Mid-life career change


#1

Never realized that this forum was here on codecademy… :smiley:

I’m a 40yo with 20 years in print and digital graphic design. Over the last 8 years, I have self-taught myself HTML, CSS, PHP, MySQL/SQL Server, and enough javascript, jQuery and Ajax to be dangerous. I have several front-facing sites for possible clients/employers to review, but most of my work are internal sites and HTML-based reports.

Currently, my FTJ is based more around BI/data-analysis, operations, marketing and graphic design. I really want to make the move to developing on a full-time basis.

What steps should I take to make the jump?

TIA, Lincoln


#2

Want to share some of that work with us so we can see a bit more about where you're at?

Have you already been applying for work? Do you want to be a full-stack developer? You should give us more information!


#3

Hello Daniel,

Links, to a few public-facing sites that I have developed, are at the end of this comment.

I'm not sure about full-stack, or if I even have enough knowledge to pursue that route. I enjoy solving problems. If I'm unsure of how to accomplish something, I will research and learn until I can figure a way to achieve the end result. I have no problem designing/developing from beginning to end.

I have not applied anywhere. Not even sure if I'm qualified to do so.. kind of the reason I'm posting. :slight_smile:

I desire to telecommute, and must be able earn > $75k annually to transition to this, but don't know if my knowledge level is commensurate.

Example Work:
http://calc.nwapawn.com – internal precious metal calculator for a pawnshop. circa 2011?
http://www.nwapawn.com – pawnshop website. 2015?
http://dev.soleradentalspa.com – in development. pending client content
http://www.vizualmagazine.comNSFW Glamour photography magazine website 2015/16?

There is more, but I am unable to share publicly.


#4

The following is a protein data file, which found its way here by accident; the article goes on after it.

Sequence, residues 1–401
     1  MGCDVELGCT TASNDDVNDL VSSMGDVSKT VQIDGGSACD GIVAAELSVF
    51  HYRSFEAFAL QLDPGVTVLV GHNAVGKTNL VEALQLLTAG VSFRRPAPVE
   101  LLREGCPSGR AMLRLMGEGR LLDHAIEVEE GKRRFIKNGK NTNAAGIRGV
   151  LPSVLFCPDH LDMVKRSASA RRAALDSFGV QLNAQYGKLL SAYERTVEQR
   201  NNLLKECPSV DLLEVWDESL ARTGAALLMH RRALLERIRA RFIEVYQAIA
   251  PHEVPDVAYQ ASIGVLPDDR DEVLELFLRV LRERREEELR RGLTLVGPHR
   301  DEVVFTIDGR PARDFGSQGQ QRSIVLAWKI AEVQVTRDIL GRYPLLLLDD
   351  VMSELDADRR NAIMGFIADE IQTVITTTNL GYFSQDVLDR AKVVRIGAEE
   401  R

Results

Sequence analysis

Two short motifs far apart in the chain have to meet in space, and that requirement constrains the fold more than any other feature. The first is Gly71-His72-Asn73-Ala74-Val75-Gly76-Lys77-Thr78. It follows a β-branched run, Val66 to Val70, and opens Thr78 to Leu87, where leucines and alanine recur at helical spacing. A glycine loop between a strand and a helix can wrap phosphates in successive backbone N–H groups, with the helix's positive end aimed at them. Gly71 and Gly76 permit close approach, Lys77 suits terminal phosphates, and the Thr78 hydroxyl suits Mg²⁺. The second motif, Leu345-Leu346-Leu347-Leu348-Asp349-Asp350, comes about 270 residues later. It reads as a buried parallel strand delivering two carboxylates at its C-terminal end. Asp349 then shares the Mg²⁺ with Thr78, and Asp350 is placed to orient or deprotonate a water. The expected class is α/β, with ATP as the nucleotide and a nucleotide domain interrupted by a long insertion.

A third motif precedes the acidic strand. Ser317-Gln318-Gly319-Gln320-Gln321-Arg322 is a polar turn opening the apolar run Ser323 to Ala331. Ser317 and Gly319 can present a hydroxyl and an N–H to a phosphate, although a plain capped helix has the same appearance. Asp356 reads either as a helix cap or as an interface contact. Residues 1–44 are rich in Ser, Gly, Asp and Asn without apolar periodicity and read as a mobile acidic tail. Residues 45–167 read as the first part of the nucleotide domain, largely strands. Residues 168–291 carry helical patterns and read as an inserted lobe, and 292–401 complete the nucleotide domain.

If you worked on all of these mainly independently and from start to finish, I would say you are definitely qualified for a full stack career at the very least a junior position.

These sites are impressive! Love the design and the concept of the calculator.


#5

:laughing: I like that the NSFW link is getting the most clicks!

A problem that I'd foresee here (and take this with a grain of salt, my guidance counselor days were several years ago) is that if you have only four projects to show me here. To demonstrate true passion about coding, it's best to have a whole ream of projects, even if they aren't for clients. Employers won't care if your stopwatch app is no different than the 10,000 other stopwatch apps out there, what matters is that you made it and it demonstrates your skill & passion. If you've already been working with clients for development work and you have some examples to show, that's a great start - do more of that, get more and more projects that you've done professionally for clients. That, to a large extent, makes you a professional developer in and of itself, and you should think & market yourself as such. For the places where you can't share work, make sure you have good references to share.

There's good posts on this topic if you search around the forums, but here are a few examples:

This whole thread


this whole thread

Brian's advice

It won't stop you from getting a job if you aren't building projects for yourself on the side or if you don't have more work to show to a prospective employer, but it will slow you down. As Oscar says (and I agree), if those projects you link to are all your own work… they're great quality. They don't necessarily demonstrate much back-end experience, so if you want to pursue that, you should keep building.

Throw everything up on your GitHub as you go, that's very important. Consider making your own personal portfolio page like this, this, or this where you can populate it with your coding projects and information (particularly professional information) about yourself. If you want to focus on front-end, make it one of if not the best example of your front-end design work to be found anywhere. In any case, take pride in it.


#6

i’m also a mid-career changer. my background is in Film Studies and Library & Information Science. i’ve combined these two areas in my work as a Media Library Coordinator for an entertainment corporation for the past 12 years. but i’ve turned my attention towards the tech industry over the past 2 years with the goal of landing a job with more flexibility and growth. i’m still not quite ready to interview for technical positions as my portfolio isn’t completed yet (and i’m still dealing with ways to combat impostor syndrome), so i’ve applied for mainly non-tech roles (Office Management, Customer Support, Community/Social Media positions, etc.), but to no avail just yet. it sounds like you are ready to make the leap, based on the sites you’ve shared. one day, i’ll be able to join you in that leap, too!


#7

Wow @thelincster your sites are impressive.